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The 2024 Farm Bill is delayed in Congress, and conservationists are pushing to get the deal done. The legislation covers a lot of territory. SNAP benefits, crop insurance, and conservation programs are funded through the Farm Bill. It’s reauthorized every five years, but last year Congress missed the deadline and extended the current bill through this September.

Molly Parzen is the executive director of Conservation Voters of Pennsylvania. Her group is ramping up its advocacy around the new Farm Bill, and The Allegheny Front’s Kara Holsopple recently talked with her about it.

Listen to the conversation:

Kara Holsopple: Your organization is doing a special push around the Farm Bill. Why now?

Molly Parzen: A lot of folks may have heard about the Inflation Reduction Act(IRA), which is an opaque name for a really cool law. This is a law that the Biden administration and Congress passed back in 2022, and it is the biggest, most transformational action to fight climate change and to invest in the clean energy economy that has ever been taken. It invests $18 billion through the Farm Bill in climate-smart, climate-friendly agricultural practices. 

In a lot of ways, this is one of the first legislative tests of the investments of these funds. So while the Farm Bill has always been really important, it’s particularly important for groups like ours this year because of all the work that we put in over the last few years to get the Inflation Reduction Act across the finish line.

Now we have to continue that work. Now we have to implement it and make sure that these incredible benefits that are going to be game-changing for our environment, for our farmers, for our communities, and for the economy are implemented well through this next authorization of the Farm Bill.

Kara Holsopple: From your perspective, what are some of the pieces of the Farm Bill that are important to conservation that could be vulnerable or are especially important, and you want to see funded? 

Molly Parzen: There are a couple of pieces that are going to be invigorated by this funding. These are programs like the Environmental Quality Program, land conservation programs and water conservation programs. These are frequently massively oversubscribed. They are popular. Farmers like these programs because they incentivize best farming practices that many farmers want to implement anyway. However, the demand for them has almost always outpaced the funding available.

Funding from the IRA is being infused into these programs that do things like help reduce the use of fertilizers and pesticides and help reduce animal waste and the impacts of grazing. They reduce costs and reduce runoff from farms. That helps improve water quality. 

There have always been long waiting lists for these programs, but this $18 billion invested over the next ten years will help significantly increase what’s available. It will help make sure that farmers are able to access these programs and use these funds to do their job as kind of the original conservationists and original stewards of the land.

In fact, actually, these programs are already being used by Pennsylvania farmers because the Inflation Reduction Act was passed two years ago. However, there was only $5.7 million in funding available. So 45 percent of Pennsylvania’s applications for these proven, popular programs were rejected due to insufficient federal funds. There is a demand there that the federal government is trying to meet.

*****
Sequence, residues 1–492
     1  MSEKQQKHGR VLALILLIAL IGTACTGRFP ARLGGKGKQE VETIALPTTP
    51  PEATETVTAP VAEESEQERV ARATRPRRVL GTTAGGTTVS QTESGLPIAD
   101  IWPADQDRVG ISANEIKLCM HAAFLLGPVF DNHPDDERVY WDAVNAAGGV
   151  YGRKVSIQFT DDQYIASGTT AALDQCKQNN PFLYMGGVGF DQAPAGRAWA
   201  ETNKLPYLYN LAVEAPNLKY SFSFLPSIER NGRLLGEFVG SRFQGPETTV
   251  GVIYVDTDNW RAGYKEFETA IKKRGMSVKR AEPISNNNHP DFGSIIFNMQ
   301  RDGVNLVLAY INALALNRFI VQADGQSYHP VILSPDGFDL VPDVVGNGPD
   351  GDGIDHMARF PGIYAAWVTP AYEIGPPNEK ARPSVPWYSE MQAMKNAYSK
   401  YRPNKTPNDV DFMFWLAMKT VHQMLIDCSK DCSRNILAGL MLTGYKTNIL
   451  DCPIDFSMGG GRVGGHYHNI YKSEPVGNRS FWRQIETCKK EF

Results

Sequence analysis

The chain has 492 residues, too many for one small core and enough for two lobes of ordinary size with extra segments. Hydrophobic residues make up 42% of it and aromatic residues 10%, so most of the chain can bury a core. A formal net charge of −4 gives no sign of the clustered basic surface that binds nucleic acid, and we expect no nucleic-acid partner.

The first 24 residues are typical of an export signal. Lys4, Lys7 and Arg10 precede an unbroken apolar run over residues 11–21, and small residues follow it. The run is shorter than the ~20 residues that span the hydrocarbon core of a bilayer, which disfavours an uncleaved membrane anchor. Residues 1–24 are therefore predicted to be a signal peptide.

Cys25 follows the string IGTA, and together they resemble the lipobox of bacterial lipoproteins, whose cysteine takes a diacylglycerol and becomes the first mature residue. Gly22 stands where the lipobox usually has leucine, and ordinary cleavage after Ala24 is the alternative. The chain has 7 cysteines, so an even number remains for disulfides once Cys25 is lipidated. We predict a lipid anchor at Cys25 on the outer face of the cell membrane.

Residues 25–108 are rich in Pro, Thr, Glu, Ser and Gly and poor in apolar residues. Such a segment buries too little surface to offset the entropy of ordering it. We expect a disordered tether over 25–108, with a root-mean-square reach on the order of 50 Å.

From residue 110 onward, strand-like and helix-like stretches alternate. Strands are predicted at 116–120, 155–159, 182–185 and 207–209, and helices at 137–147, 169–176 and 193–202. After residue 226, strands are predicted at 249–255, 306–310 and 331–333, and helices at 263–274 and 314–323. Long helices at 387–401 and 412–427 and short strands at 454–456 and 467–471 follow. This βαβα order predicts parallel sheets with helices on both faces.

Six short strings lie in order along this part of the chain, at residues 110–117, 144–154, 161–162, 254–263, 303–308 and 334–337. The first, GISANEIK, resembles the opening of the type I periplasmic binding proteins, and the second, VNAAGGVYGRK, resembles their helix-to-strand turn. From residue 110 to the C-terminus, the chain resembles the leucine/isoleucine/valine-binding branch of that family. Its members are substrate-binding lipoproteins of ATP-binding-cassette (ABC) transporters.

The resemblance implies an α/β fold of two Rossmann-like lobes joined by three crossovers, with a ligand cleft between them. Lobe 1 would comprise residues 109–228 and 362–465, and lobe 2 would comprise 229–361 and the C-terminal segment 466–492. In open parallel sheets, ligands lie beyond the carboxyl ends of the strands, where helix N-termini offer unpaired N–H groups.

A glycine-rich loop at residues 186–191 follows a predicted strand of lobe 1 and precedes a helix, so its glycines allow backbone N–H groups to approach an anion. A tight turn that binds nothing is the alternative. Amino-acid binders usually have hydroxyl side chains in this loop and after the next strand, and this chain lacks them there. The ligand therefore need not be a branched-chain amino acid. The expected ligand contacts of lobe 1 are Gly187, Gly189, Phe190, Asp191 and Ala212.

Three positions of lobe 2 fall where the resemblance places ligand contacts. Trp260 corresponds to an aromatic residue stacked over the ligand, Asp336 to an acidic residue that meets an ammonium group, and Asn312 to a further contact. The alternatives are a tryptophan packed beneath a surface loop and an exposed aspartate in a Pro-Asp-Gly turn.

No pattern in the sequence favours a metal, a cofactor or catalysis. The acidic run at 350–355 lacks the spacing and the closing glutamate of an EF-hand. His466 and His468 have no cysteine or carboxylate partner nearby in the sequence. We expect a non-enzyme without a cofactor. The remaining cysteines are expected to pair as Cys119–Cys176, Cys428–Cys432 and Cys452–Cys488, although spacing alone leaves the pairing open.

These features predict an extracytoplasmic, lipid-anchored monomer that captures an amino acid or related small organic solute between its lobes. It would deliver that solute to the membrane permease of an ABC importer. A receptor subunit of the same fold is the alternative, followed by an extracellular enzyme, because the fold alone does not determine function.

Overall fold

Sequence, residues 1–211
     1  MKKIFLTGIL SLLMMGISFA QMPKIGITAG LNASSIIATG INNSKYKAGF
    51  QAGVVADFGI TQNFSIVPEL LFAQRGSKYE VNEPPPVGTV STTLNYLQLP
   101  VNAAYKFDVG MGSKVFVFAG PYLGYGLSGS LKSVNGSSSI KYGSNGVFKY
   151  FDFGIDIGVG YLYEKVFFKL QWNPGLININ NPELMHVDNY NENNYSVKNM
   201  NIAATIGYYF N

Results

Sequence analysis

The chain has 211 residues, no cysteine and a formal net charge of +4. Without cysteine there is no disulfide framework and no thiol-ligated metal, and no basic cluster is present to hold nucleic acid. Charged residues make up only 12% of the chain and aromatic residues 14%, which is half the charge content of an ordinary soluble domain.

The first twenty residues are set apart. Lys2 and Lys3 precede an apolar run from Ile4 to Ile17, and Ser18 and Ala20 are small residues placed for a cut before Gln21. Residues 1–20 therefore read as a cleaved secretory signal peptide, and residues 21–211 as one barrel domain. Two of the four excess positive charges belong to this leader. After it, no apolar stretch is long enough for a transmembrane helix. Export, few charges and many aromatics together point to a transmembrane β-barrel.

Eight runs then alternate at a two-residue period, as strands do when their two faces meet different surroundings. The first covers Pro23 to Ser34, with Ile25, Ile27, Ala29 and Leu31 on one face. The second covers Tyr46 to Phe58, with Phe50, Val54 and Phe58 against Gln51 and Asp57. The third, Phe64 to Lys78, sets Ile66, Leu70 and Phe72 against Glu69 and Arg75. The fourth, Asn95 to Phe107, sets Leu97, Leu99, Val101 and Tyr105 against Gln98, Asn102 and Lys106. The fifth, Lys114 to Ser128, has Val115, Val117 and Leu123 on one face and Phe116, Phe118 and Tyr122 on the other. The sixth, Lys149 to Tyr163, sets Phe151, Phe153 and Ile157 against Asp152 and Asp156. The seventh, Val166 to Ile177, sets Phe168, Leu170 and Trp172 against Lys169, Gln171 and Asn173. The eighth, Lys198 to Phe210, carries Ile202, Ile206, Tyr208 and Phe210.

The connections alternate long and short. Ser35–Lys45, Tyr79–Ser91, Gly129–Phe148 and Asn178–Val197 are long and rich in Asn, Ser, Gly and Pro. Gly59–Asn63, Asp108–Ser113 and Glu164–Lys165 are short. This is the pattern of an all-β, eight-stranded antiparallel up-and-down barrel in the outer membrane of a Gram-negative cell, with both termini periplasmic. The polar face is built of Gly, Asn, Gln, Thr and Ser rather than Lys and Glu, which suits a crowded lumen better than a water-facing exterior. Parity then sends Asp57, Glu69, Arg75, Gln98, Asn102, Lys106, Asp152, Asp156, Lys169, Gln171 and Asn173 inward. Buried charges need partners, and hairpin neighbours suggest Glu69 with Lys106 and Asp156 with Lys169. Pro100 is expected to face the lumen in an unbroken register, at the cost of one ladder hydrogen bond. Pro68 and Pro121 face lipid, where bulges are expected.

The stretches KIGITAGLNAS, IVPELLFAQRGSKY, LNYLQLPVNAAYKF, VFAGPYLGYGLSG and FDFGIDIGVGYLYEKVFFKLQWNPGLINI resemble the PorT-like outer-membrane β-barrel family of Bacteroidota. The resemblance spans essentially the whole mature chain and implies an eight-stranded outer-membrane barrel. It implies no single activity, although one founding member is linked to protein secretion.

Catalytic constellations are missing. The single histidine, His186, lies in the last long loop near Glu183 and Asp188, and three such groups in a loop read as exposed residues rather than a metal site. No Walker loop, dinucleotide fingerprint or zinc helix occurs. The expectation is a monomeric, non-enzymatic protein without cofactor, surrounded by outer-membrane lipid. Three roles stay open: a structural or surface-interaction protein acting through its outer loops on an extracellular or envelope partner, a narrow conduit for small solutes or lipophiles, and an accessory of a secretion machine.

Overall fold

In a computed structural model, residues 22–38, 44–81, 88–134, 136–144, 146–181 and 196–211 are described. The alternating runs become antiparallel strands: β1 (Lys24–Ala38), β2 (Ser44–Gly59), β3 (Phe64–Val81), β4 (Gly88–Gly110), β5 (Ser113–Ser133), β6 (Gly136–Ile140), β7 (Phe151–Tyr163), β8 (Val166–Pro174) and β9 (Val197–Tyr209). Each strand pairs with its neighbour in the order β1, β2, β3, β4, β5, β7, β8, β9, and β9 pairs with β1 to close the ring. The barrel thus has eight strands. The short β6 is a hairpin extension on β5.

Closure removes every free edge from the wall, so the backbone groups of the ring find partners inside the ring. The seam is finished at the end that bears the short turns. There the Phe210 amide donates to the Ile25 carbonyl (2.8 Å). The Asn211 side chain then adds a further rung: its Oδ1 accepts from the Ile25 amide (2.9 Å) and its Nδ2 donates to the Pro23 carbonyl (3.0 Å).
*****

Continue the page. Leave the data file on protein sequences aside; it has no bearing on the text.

Kara Holsopple: Can you say a bit more about one of the programs that’s significant in Pennsylvania and why? 

Molly Parzen: One of them that I like to talk about is the Environmental Quality Incentives Program, often referred to as EQIP. One of the ways in which this is important in Pennsylvania is in some of our watershed basins. The Susquehanna and the Chesapeake basins have enormous issues with fertilizer runoff because of all the agriculture that exists in the center of the state. All of this runoff pollutes the Chesapeake Bay, pollutes our rivers, and has major downstream impacts on our neighbors as well.

So programs like EQIP, when they’re properly funded, can help farmers across the state make sure that they’re building the infrastructure on their farms that will help prevent that runoff, cleaning up our waterways and having real impacts on wildlife and the health of our water, both in-state and, downstream.

Kara Holsopple: So what are the obstacles to getting the new Farm Bill passed?

Molly Parzen: I think there are a couple of key obstacles. The first is the polarization in Congress. Historically, the Farm Bill has always been a bipartisan endeavor. When you think about things that can bring both sides of the aisle together, America’s farmers and their impact on the economy is one of those issues that it’s hard to argue with.

However, we find ourselves in a challenging moment in American politics where even things that have a long and storied history of bipartisanship have become partisan flashpoints. I think particularly because of the way Republicans have perceived the IRA to be an attack on polluters and an attack on big oil. The fact that this farm bill is going to invest those dollars has led to it becoming a more partisan issue. 

The only other thing I’ll add is that I think the Farm Bill right now is competing with a lot of other congressional priorities. Bills are languishing for international aid and some key things have been tough to get across the finish line that in another year would not have been so challenging. I think the clock is ticking. We are very focused on getting a deal done before we reach yet another deadline this fall because farmers, our communities and our environment need these investments.

Molly Parzen is the executive director of Conservation Voters of Pennsylvania.